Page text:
Parrywinkle, October 20, 2016

I Ducked out of town for six days recently - purely for YLJ research purposes, of course - and flew down to Cuba with my beautiful Sunshine. I say six, because it was supposed to have been all seven booked a month or so ago. But Hurricane Matthew sure put a damper on that!

There we were at Montréal-Pierre Elliott Trudeau International Airport, bags all aboard, and were literally just about to step onto the plane, when word came through from Santa Clara Airport – no way José! The low-lying 48 km-causeway - literally running through the sea - from the airport to our hotel in superb Cayo Santa Maria was being pounded by giant waves, strong winds and debris, making transit there simply impossible.

And so it was that a couple of hours later, after having collected our luggage and cleared customs yet again, we were homeward bound back to Hudson with the promise that we would have better luck the next day. Which we did, departing at about noon for a fantastic virtually turbulance-free flight during which, at 39,000 feet, we passed over Matthew bashing the Bahamas and Florida below. What a magnificent sight. Mushrooming clouds all around, like giant icebergs in a sea of robin-egg blue! Not such a pretty picture, needless to say, far below.

Upon our arrival, we learned that while the white sand beach had been closed for three days, there had been little damage done to that part of Cuba some 400 km from Havana on the north coast. Unlike the devastation on the eastern tip of the island where Holguin is another popular destination for Canadians and where the homes of so many Cuban families were smashed to pieces. What a tragedy!


FANTASTIC FALL FOLIAGE - Returning home, we first flew along the St. Lawrence River to Quebec City to drop off some fellow vacationers there. And what a spectacular sight it was beneath our wings. A carpet of red, russet, orange and gold fall foliage that took one's breath away while trying to unblock one's ears for the slow descent.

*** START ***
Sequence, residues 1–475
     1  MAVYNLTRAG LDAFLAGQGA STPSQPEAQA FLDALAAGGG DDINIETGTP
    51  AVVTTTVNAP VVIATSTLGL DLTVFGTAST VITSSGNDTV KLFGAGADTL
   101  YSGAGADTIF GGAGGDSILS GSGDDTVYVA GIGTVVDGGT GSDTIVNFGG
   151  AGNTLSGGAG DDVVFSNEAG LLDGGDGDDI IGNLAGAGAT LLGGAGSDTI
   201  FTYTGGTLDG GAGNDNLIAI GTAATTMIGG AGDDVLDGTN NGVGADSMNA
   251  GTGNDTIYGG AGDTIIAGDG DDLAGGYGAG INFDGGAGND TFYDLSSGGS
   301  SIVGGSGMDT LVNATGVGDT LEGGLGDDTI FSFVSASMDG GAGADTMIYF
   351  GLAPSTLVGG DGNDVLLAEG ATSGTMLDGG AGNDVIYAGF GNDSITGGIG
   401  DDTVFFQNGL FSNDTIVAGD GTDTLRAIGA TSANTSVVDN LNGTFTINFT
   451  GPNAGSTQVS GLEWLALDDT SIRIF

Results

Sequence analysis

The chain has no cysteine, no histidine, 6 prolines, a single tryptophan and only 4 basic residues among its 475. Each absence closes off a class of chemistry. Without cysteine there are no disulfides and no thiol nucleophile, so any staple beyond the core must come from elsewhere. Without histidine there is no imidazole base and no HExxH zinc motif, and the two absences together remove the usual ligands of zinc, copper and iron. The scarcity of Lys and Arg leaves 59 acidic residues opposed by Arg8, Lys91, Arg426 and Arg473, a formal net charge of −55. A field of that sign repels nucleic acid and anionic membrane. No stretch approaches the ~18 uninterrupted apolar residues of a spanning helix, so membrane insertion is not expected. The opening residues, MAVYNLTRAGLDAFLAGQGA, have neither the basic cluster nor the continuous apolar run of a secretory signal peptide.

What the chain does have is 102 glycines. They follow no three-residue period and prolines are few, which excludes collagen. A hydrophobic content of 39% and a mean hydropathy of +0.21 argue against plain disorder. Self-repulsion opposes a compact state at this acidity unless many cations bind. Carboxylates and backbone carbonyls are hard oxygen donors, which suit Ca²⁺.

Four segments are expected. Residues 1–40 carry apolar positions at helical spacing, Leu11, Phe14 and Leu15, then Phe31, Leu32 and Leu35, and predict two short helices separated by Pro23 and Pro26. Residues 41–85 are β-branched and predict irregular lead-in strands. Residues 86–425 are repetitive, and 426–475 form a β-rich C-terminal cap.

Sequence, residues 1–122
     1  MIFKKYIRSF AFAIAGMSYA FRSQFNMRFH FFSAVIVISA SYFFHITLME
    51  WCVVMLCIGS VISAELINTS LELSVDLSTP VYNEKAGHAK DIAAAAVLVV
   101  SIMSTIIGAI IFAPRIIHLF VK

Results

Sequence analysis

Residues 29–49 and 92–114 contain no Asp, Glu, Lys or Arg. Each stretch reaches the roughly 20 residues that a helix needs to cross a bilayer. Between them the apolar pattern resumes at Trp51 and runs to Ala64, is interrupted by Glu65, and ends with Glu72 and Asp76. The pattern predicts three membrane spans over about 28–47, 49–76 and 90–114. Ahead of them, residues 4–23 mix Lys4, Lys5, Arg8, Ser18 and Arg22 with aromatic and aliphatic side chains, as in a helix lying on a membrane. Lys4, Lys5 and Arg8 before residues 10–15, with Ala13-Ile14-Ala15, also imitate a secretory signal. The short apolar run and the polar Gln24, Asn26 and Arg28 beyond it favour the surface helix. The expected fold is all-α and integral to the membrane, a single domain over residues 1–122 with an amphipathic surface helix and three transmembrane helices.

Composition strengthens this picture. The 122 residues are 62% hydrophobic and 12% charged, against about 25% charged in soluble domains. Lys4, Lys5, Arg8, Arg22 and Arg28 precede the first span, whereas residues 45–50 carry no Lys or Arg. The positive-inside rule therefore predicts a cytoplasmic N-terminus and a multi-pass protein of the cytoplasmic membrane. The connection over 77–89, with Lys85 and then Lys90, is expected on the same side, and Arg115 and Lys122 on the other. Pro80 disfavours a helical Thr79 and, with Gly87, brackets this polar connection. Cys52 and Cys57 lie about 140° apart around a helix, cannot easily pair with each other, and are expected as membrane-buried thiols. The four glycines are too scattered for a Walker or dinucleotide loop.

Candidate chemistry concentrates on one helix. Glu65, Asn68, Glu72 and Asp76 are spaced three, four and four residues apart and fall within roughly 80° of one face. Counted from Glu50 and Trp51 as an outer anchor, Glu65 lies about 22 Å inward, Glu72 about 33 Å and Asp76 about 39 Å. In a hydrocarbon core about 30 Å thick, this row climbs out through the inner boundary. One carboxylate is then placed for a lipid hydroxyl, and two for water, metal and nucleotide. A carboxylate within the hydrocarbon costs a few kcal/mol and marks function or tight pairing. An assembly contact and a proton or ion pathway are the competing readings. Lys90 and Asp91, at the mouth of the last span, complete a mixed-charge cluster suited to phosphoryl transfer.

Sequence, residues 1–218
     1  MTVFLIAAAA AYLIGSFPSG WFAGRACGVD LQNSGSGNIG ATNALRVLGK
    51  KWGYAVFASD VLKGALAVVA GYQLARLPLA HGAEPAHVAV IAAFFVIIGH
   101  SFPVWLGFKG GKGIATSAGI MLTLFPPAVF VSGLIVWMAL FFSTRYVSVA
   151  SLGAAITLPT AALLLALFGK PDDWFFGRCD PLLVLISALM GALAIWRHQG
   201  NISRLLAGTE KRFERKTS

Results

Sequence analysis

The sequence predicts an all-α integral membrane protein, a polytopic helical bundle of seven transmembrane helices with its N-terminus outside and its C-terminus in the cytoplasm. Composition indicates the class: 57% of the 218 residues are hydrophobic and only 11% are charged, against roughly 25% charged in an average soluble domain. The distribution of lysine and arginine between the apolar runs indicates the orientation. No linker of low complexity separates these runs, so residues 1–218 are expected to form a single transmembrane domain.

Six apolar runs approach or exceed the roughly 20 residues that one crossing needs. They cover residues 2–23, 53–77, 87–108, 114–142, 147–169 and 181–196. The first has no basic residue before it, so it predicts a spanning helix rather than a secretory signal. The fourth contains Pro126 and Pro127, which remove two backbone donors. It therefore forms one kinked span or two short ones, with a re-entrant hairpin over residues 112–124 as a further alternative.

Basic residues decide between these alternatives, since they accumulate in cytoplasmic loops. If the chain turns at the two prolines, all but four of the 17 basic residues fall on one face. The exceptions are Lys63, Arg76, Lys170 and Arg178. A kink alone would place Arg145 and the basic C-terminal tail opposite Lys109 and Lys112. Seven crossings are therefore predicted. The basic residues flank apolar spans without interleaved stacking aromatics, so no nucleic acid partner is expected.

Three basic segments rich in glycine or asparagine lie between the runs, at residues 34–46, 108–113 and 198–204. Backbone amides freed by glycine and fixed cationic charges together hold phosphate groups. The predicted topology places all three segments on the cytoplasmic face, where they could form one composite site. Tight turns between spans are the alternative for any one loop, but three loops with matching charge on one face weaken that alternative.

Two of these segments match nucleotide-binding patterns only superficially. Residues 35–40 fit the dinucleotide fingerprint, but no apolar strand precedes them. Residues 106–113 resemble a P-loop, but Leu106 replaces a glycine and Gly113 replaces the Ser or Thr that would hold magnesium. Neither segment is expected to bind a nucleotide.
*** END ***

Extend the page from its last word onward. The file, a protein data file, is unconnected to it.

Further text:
And as for that reference to research, by the way? Nah. It was to celebrate my birthday on an island that we have come to love over the years. For its proximity, climate, beautiful beaches, superb hotels, and the wonderful, courteous, and hospitable Cuban people.

Oh yes, because of the inconvenience this time around, I received a great birthday gift - as did everyone else on the flight, mind you - of a voucher for $150 off our next trip to our favourite island in the sun. And am planning on taking it soon, as are so many other Canadians we met there, before the impending invasion of U.S. tourists now that Barack Obama has paved the way as it were. Ah, but that's another story still to unfold!

Speaking of which, I did catch the second Donald Trump-Hillary Clinton debate debacle on CNN in our hotel room, and could only wonder what the Cuban people would have made of it all had they too had access. Democracy in action? A shining beacon to the free world? The best two candidates that the Democrats and Republicans could come up with? Out of a population of 322.7 million? And with the election only three weeks away? Crikey mick. Pour me another Cuba libre!


BANKING ON YOU - Meanwhile, back here in Hudson and once unpacked and rested, we filled up the trunk of our Cruze and paid a visit to Carol Laws, president of Le Pont/Bridging food bank with new premises in the basement of the Hudson Medi-Centre at 465 Main Road.

PHOTO BY JAMES PARRY On behalf of members of the Hudson Coronation Street Appreciation Society, vice-president Mireille Lemelin presents Carol Laws of Le Pont/Bridging food bank with a whole stack of non-perishable items to help local families in need in the coming weeks.

When we unloaded a whole stack of non-perishable items all donated by members of the Hudson Coronation Street Appreciation Society which held its last monthly luncheon at the Royal Canadian Legion Hudson Branch #115 earlier this month.